Until Now: Bill Edwards Shares Personal Tales of Life and Love on "So Far" Album


Bill Edwards leans against a brick wall wearing a navy blue T-shirt and blue jeans.

Bill Edwards reflects on a life filled with optimism, love, gratitude, loss, and wisdom on So Far. Photo by Chasing Light Photos.

As an accomplished songwriter, Bill Edwards often tells stories from multiple perspectives across an astonishing catalog of songs.

This time, the prolific Ann Arbor singer-songwriter and multi-instrumentalist opted to share his own stories on his new Americana album, So Far.

“The songs are all, without exception, autobiographical, making this the most personal record I’ve ever released. I’ve reached an age where it seemed like it was time to look both backward and forward,” Edwards said.

“The future is never guaranteed, and I wanted some of these feelings captured. There’s a lot of emotional territory covered on the album, and it all feels true to me.”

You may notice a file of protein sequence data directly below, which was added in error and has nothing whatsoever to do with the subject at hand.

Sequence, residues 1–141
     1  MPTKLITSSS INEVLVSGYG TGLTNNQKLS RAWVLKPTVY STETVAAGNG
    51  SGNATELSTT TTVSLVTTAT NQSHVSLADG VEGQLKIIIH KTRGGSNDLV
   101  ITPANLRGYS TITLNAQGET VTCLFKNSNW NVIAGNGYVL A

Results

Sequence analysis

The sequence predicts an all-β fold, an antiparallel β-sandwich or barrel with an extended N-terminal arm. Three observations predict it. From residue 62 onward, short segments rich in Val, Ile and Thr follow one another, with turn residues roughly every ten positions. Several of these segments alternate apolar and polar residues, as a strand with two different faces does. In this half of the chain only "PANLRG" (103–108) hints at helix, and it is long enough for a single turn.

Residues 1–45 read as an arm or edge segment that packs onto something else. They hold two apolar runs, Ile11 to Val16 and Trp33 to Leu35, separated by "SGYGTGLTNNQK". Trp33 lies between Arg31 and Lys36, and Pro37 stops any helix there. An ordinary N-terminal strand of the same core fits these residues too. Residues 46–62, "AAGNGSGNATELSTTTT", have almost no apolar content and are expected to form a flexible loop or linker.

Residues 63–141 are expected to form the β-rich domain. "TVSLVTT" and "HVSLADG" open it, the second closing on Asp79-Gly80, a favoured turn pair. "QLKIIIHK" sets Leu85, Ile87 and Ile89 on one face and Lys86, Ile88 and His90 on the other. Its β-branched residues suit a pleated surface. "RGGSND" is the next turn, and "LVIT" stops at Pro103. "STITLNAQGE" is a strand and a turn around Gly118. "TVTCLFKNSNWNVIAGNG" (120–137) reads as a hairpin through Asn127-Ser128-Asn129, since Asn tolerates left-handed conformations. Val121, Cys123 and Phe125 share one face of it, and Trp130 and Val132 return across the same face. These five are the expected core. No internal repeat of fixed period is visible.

On So Far, Edwards features 14 tracks that collectively reflect on a life filled with optimism, love, gratitude, loss, wisdom, and nostalgia. The album’s honest sentiment, introspective lyrics, and earnest instrumentation invite listeners to contemplate their own lives alongside Edwards.

“I wrote probably 50 songs that may have been candidates for this record over the past year or so,” he said. “I’m always writing, and these tunes got swapped in and out as new material came to be.”

I recently spoke with Edwards about opening for Rodney Crowell, writing tracks for So Far, recording his new album, hosting an October 18 album release show at The Ark, and working on new material.

Q: How has your fall been so far? What was it like to open for Rodney Crowell at The Ark in September?